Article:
Sharing the love of sourdough

22 May

One of the benefits of sharing loaves during Real Bread Maker Week was that it promted the opportunity to share skills and leaven too. I spent a lovely morning with a friend mixing, shaping and baking. Later in the week, I had a chat with an experienced baker about the benefits of sourdough over commercial yeast.

With just a morning – three hours – how did I demonstrate a ten hour baking process? I wanted enough hands-on time to impart some technique. The key was preparation.

Before the morning, I organized some:

  • Some mixture to make,
  • Some dough to shape,
  • Some loaves to bake.

In true Blue Peter style, I prepared dough and loaves earlier 🙂
It was a great morning. Here is a picture of a lovely looking loaf, made later, using the skills:

Bread_Rh_Crop

Later in the week, I discussed using sourdough leaven and how it could give you more control over your baking. I think the timings are easier due to the slower nature of primary fermentation and proving. If you use your fridge, it’s even more flexible, in my opinion. Plus the flavor is much better.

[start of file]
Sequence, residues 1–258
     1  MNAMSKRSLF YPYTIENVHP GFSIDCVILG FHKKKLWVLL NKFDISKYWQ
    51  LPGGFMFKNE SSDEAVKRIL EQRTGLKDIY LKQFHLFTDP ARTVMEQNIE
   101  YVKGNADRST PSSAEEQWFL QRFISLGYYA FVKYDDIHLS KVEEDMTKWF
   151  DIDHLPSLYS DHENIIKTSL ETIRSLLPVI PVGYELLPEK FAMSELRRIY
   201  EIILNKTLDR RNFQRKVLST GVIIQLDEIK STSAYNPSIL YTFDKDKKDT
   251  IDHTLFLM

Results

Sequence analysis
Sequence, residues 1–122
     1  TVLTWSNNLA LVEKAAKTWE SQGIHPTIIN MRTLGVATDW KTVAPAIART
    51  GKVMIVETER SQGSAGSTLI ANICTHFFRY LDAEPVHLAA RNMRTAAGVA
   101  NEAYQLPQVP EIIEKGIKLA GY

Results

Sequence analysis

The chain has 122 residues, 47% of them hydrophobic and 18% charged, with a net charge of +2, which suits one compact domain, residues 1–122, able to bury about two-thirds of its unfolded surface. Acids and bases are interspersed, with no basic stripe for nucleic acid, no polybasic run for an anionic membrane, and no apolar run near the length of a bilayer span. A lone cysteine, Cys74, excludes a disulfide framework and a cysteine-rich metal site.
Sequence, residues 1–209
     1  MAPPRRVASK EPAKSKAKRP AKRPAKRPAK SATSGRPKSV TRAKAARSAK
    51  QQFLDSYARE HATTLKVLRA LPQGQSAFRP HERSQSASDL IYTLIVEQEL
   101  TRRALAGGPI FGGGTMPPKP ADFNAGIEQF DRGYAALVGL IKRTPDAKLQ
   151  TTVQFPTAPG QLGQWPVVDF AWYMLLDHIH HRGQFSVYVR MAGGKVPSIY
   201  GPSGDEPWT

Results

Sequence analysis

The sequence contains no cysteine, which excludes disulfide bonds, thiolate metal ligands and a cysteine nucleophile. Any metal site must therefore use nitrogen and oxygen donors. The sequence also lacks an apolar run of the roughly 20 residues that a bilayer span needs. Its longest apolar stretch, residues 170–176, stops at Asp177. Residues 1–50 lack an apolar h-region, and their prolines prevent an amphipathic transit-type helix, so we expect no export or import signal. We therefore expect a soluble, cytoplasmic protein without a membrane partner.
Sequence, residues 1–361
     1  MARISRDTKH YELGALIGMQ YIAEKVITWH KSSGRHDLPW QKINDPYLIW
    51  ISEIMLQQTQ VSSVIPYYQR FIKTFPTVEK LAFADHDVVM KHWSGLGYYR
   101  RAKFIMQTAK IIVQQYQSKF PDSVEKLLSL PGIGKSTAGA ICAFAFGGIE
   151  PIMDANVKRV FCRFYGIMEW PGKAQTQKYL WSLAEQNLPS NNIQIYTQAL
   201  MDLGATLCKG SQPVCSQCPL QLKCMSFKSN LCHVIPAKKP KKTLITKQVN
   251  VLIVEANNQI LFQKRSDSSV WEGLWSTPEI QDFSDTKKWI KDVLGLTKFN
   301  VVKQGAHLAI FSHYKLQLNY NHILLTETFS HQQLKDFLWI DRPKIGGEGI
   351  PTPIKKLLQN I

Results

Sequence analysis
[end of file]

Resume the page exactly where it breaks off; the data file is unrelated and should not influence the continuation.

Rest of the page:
With commercial yeast, the time window for putting a proved loaf in the oven is probably only about 30 minutes. For commercial bakers, this precision is excellent. For home bakers with distractions, this can spell disaster. With a sourdough starter, your time window is more like two hours. Plus, you can always put it in the fridge for an hour or a day. Oops, the school run needs to be done? No worries – fridge here we come, shape later when the kids are in bed.

Sourdough is a slow process. You can’t go from flour to bread in a couple of hours like you can with commercial yeast With time comes flexibility and flavour. If we relax a little and enjoy the time, slow tasty food is a worthwhile reward.

Here is a picture of a nice dark sourdough loaf baked with shared leaven.

Martin Udwin's loaf

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